So, we have to set the wayback machine before the war on this one, which is exactly how chapter 21 of Judges begins. See, it feels the need to tell us some of the details regarding the (air quotes) “justice” (/air quotes) they swore against the Benjamites. In particular, the beginning of this chapter wants to call out how all of those who gathered to strike back against the Benjamites swore, “no one of us shall give his daughter in marriage to Benjamin.” Cuz, y’know, they done bad.
The reason that we need to know this now is because Benjamin is on the verge of extinction. There are 600 people left, the ones who ran to Rimmon. There are 12 tribes of Israel, not 11. And the rest kind of feel bad that “one tribe [is] lacking in Israel” as if it was just an unfortunate set of circumstances and that they had nothing to do with putting every Benjamite settlement to the sword, burning them nearly into extinction.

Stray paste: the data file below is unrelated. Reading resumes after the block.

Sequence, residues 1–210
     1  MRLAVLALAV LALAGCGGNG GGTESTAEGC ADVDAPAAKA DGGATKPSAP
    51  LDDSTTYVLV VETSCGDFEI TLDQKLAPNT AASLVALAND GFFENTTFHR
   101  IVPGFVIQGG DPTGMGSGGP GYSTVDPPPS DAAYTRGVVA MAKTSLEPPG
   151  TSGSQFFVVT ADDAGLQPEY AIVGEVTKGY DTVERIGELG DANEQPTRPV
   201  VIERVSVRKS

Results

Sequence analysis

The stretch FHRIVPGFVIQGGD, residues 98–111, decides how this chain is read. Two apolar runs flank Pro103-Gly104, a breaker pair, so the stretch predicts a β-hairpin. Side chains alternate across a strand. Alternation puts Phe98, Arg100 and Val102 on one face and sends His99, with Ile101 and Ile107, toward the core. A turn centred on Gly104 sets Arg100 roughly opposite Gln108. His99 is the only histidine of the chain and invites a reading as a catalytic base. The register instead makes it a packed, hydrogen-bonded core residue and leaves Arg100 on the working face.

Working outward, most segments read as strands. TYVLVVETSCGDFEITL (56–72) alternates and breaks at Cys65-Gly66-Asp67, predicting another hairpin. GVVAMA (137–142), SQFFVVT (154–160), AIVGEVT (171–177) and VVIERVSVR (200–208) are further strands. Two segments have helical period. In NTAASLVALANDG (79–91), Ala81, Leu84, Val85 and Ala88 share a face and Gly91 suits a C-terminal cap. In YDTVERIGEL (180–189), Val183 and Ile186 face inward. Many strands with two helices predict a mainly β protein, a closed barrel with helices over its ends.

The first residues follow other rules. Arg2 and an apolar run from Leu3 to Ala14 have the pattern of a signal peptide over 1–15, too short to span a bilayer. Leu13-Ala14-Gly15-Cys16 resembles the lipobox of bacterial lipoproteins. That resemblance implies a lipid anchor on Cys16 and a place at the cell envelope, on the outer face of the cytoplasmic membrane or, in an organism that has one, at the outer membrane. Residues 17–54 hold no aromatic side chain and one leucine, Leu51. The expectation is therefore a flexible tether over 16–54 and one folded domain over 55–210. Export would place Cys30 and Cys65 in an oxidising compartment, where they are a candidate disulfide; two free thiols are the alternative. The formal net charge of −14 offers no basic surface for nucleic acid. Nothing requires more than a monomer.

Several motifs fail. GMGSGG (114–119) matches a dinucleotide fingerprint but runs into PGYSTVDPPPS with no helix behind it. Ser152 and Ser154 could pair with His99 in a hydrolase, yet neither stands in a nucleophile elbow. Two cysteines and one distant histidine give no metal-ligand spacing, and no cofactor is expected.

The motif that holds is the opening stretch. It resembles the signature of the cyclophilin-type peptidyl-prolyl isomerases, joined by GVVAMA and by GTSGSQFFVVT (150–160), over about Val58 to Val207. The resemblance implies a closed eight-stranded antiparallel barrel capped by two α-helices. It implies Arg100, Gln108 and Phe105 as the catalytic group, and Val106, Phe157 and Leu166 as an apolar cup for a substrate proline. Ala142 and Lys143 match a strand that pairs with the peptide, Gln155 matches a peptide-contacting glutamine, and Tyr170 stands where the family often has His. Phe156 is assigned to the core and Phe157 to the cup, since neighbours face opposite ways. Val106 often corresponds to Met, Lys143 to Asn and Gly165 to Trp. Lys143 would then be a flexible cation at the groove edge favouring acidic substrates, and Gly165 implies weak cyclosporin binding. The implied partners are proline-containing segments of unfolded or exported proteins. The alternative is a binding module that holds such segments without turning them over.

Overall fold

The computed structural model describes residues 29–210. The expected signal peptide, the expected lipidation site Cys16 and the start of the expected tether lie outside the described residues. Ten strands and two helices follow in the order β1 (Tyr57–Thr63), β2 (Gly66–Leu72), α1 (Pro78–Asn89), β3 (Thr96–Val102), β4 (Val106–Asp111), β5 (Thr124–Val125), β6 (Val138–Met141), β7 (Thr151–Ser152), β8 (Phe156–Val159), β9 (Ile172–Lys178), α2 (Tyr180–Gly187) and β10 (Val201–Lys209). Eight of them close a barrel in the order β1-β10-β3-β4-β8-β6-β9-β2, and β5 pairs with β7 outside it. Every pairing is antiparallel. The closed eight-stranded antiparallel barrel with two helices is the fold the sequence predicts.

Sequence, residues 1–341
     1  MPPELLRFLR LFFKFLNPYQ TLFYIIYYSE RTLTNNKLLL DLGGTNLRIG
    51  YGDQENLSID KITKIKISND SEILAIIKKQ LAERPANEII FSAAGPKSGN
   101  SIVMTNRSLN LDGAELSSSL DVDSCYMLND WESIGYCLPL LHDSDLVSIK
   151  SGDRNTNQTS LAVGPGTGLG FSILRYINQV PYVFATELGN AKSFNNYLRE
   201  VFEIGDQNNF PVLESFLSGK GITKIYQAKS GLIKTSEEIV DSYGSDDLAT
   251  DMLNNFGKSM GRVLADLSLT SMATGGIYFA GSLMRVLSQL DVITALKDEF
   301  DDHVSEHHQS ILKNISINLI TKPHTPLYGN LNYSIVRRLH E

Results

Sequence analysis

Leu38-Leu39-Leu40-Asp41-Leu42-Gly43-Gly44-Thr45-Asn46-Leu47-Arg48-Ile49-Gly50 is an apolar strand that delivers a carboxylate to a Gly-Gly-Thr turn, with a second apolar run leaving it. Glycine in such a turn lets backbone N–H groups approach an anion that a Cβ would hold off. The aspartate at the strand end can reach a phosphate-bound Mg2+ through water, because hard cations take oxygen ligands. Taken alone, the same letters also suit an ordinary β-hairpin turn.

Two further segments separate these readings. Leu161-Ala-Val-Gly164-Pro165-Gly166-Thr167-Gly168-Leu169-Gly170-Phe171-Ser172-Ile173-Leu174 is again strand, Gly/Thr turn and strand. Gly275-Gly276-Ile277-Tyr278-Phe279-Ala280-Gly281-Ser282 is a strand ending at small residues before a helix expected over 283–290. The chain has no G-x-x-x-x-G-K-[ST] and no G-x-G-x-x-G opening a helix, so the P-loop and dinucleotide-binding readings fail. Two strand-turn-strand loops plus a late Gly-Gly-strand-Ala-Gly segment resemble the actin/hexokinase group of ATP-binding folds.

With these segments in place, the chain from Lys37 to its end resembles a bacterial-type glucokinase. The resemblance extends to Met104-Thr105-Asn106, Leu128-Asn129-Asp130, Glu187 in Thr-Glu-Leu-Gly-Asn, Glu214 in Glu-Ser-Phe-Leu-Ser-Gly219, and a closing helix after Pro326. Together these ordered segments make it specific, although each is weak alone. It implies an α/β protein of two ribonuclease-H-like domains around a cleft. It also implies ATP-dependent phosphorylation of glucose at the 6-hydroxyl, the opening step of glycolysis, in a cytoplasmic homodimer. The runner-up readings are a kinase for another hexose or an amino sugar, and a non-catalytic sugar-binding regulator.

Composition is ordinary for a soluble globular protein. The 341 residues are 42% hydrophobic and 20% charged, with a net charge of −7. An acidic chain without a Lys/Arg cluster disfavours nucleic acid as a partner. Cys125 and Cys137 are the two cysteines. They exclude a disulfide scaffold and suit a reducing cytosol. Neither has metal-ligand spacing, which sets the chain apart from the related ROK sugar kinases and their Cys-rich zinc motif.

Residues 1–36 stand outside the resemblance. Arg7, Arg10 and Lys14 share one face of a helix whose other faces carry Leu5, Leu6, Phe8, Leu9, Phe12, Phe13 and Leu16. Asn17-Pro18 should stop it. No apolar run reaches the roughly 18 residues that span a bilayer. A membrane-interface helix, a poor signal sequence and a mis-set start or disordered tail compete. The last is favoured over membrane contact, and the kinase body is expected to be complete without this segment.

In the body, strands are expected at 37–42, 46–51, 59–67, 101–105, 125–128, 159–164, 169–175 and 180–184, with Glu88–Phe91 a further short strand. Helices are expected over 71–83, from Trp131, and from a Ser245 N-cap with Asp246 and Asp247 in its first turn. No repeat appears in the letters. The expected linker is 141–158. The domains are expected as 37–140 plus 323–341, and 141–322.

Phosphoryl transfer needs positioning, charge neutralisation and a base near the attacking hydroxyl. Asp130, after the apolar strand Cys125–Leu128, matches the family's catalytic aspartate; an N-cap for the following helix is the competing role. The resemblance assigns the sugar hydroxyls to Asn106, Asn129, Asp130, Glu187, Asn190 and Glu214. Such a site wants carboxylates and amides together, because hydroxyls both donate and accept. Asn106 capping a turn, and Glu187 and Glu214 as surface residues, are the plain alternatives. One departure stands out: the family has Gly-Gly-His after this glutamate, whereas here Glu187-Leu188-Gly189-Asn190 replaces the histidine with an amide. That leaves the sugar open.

So they want to do something to help Benjamin out, but they’re not willing to do too much. After all, Benjamin did a bad, bad thing, and they don’t want to send any of their daughters into that. How do we solve this? How can they help Benjamin rebuild without violating their oath? By approaching those who did not swear the oath.
Not all settlements in Israel turned out to swear vengeance against Benjamin. The little settlement at Jabesh-gilead had shown up. They either didn’t get the memo (re: the body part of the concubine, they were busy that day, or they just didn’t want to be part of annihilating a fellow tribe.
Actually, we have no idea why those at Jabesh-gilead didn’t show up. And we never will. That whole, “it got worse part,” well, here it is.
“Go, put the inhabitants of Jabesh-gilead to the sword, including the women and little ones” (Judges 21:10).
I’m just going to end here for now. We need to let that sink in.